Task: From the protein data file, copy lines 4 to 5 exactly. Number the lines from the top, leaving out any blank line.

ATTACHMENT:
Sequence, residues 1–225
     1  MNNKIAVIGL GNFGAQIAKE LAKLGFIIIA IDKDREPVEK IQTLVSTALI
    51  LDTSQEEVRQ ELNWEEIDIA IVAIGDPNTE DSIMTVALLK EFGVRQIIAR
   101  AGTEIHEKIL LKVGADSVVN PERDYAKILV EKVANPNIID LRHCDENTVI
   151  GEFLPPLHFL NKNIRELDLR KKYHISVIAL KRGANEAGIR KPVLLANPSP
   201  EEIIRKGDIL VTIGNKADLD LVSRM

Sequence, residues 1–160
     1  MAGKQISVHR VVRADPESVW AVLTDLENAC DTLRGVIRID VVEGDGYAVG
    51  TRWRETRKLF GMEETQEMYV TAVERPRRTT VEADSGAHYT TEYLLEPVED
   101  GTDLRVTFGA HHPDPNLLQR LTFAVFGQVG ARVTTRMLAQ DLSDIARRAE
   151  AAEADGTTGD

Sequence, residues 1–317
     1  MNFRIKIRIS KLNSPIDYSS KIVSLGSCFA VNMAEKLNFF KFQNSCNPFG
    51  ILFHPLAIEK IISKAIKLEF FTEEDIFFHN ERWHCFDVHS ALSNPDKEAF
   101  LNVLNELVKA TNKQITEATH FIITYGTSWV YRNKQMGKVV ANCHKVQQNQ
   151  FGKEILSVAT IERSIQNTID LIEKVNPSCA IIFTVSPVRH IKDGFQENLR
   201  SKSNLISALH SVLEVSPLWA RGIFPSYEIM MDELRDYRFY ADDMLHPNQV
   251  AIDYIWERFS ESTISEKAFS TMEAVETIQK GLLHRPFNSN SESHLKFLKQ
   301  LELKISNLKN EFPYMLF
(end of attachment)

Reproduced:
   101  AGTEIHEKIL LKVGADSVVN PERDYAKILV EKVANPNIID LRHCDENTVI
   151  GEFLPPLHFL NKNIRELDLR KKYHISVIAL KRGANEAGIR KPVLLANPSP